Dowagiac man gets prison for assault

Published 1:52 pm Friday, October 22, 2021

CASSOPOLIS – A Dowagiac man convicted of assaulting his girlfriend on three separate occasions in 2020 was sentenced Friday to lengthy prison terms in Cass County Circuit Court.

Charles B. Burns Jr., 39, of 71st Street in Dowagiac, was convicted Sept. 2 of assaultive conduct by a Cass County jury in three separate files. For his part, Burns maintains his innocence in the incidents.

“I’m sorry for coming in front of you, but not everybody is guilty,” he told Cass County Circuit Judge Mark Herman.

Relative to a July 1, 2020, incident, Burns was sentenced to 19 years, to 40 years in prison for unlawful imprisonment, 12 years, 8 months to 30 years in prison for assault with intent to do great bodily harm less than murder and four years 10 months to 15 years for assault with a dangerous weapon-all as a habitual offender.

Relative to a Jan. 7, 2020, incident, he was sentenced to three years two months to five years in prison for third offense domestic violence as a habitual offender.

Relative to an April 2020 incident, he was sentenced to 12 years 10 months to 30 years in prison for assault with intent to do great bodily harm less than murder and four years 10 months to 15 years in prison for assault with a dangerous weapon-both as a habitual offender.

Burns has credit for 322 days already served and must pay $3,048 in fines and costs. The incidents all occurred in Dowagiac.

“The evidence was overwhelming, and the jury found you guilty of all but one charge,” Judge Herman said. “Her testimony was quite compelling, and your actions were equally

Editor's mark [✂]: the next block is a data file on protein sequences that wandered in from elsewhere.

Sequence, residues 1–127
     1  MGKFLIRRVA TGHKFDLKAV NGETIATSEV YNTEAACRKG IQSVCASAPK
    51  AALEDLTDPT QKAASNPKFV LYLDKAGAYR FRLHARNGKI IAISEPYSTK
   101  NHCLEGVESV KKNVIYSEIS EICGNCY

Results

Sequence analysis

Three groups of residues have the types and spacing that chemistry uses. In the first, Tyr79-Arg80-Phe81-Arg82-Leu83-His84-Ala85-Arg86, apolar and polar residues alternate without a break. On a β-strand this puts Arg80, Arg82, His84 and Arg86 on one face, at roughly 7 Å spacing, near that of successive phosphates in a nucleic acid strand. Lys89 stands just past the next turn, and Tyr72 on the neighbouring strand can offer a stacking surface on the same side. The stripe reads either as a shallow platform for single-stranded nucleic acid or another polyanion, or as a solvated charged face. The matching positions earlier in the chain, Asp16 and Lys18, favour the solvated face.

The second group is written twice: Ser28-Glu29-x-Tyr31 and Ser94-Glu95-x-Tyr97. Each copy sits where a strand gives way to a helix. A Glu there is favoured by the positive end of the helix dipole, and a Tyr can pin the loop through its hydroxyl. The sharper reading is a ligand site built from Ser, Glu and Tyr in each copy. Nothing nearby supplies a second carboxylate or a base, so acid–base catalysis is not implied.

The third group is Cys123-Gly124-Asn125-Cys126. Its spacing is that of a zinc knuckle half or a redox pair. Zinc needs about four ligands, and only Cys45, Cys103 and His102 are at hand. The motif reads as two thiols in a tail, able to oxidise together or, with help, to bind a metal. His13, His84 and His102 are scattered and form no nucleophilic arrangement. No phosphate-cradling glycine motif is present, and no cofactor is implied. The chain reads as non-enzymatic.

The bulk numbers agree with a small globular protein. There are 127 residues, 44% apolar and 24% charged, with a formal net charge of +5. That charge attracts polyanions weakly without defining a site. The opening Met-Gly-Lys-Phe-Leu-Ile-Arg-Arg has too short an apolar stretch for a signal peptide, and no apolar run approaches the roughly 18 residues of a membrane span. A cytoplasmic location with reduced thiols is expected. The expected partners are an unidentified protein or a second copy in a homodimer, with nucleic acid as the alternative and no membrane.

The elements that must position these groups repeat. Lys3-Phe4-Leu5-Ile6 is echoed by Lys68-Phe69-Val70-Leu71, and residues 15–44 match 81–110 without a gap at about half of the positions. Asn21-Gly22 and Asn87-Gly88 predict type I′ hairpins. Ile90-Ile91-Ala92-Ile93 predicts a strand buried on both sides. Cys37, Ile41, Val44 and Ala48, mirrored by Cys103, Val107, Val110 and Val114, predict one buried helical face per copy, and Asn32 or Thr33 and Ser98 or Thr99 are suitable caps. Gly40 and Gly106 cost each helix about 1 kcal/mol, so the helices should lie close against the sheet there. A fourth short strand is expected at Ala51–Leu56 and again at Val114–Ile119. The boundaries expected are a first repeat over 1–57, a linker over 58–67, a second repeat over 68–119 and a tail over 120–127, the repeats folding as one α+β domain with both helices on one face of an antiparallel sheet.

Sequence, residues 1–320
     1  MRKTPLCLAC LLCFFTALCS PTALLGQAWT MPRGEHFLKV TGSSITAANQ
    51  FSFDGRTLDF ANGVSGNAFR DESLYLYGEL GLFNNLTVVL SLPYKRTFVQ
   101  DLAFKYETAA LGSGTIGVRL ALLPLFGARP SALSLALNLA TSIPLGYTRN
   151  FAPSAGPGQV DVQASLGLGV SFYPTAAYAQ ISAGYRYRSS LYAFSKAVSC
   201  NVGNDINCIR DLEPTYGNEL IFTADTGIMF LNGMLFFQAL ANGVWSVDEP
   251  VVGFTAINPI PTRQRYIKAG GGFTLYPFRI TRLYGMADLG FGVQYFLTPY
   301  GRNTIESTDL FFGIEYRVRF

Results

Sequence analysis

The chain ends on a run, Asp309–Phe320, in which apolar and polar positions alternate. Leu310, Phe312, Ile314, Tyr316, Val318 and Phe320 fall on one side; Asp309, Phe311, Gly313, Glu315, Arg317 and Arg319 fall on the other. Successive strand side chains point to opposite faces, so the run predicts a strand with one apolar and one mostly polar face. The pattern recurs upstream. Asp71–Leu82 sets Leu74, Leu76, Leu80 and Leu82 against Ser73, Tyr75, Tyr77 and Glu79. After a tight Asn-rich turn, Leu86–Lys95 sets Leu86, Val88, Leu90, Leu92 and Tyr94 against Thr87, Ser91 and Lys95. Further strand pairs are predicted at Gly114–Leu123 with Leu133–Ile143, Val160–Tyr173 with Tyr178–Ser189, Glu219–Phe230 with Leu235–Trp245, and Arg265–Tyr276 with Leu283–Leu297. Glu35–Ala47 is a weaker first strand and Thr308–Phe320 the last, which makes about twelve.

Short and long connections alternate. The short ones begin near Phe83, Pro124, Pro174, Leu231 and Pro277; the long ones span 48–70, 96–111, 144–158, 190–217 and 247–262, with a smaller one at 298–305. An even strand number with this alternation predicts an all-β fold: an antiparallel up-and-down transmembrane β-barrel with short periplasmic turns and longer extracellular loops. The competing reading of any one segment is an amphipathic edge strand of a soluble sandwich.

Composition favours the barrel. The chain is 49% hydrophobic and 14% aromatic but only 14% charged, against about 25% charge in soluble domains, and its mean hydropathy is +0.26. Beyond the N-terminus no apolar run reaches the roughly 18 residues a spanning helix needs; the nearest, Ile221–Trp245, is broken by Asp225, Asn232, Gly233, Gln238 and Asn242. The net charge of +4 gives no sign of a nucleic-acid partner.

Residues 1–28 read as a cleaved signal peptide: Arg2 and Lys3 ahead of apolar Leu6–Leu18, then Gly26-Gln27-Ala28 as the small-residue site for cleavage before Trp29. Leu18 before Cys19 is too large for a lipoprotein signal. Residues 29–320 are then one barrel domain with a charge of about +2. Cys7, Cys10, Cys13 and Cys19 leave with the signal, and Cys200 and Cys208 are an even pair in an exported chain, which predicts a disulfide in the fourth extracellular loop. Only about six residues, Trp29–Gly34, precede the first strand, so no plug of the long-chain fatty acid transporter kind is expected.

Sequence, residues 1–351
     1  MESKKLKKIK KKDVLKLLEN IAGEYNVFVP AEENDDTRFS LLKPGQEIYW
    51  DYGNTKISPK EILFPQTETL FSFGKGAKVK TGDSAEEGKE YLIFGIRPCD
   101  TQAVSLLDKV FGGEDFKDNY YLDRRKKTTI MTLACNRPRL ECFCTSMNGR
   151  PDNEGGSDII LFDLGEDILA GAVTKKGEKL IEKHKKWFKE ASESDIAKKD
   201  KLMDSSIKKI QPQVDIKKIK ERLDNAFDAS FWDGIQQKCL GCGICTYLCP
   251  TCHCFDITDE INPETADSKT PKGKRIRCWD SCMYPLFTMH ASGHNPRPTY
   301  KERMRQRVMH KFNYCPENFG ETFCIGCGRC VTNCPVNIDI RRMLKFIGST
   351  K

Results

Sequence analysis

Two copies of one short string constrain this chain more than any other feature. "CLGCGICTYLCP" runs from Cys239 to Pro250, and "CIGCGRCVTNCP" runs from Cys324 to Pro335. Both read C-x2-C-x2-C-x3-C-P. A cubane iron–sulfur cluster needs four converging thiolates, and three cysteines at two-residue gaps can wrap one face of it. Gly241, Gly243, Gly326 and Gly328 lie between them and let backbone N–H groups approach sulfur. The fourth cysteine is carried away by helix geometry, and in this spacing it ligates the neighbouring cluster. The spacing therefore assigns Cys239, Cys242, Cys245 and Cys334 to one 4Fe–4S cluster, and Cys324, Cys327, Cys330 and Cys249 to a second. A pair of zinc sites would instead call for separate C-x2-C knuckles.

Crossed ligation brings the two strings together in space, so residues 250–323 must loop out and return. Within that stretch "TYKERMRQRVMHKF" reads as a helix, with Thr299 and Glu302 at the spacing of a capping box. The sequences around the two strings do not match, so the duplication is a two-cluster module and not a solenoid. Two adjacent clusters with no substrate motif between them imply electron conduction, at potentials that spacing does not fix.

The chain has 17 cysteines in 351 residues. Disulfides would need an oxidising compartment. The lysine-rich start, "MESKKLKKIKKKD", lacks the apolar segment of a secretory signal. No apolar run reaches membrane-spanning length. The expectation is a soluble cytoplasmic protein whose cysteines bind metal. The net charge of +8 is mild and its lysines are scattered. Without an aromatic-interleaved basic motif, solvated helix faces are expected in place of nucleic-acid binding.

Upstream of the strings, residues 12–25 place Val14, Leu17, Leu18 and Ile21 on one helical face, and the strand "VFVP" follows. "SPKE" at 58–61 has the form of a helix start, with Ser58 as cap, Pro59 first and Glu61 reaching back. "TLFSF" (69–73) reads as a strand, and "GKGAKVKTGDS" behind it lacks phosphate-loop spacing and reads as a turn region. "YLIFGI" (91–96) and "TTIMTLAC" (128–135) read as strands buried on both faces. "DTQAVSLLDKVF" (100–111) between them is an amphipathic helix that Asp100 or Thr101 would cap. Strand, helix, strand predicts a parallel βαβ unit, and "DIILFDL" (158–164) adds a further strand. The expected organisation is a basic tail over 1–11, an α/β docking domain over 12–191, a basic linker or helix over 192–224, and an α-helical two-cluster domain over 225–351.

appalling.”

Judge Herman noted that Burns has an eighth-grade education and has been using meth for the last eight years.

“Your lack of education and drug use don’t justify your actions,” he said. “You should know that beating another human being is not tolerated in my courtroom.”

The judge outlined Burns’ actions in the three incidents which included striking the victim in the head to the point she blacked out, not letting her have a cell phone, forcing her to take off her clothes and get out of their car to humiliate her, choking and assaulting her with his fists and a baseball bat, locking her in a room and burning her.

“Based on the testimony at trial, this was clearly a situation where domestic abuse was exacerbated and perpetuated,” said Assistant Prosecutor Thomas Hubbert. “People shouldn’t think that she got what she deserved and shared the blame because she went back to him. She was treated brutally. It was
despicable.”

Defense attorney Robert Kardatzke continued to defend his client’s innocence. He said there was a question as to whether the victim embellished her description of the incidents and whether some of her physical injuries were as she stated.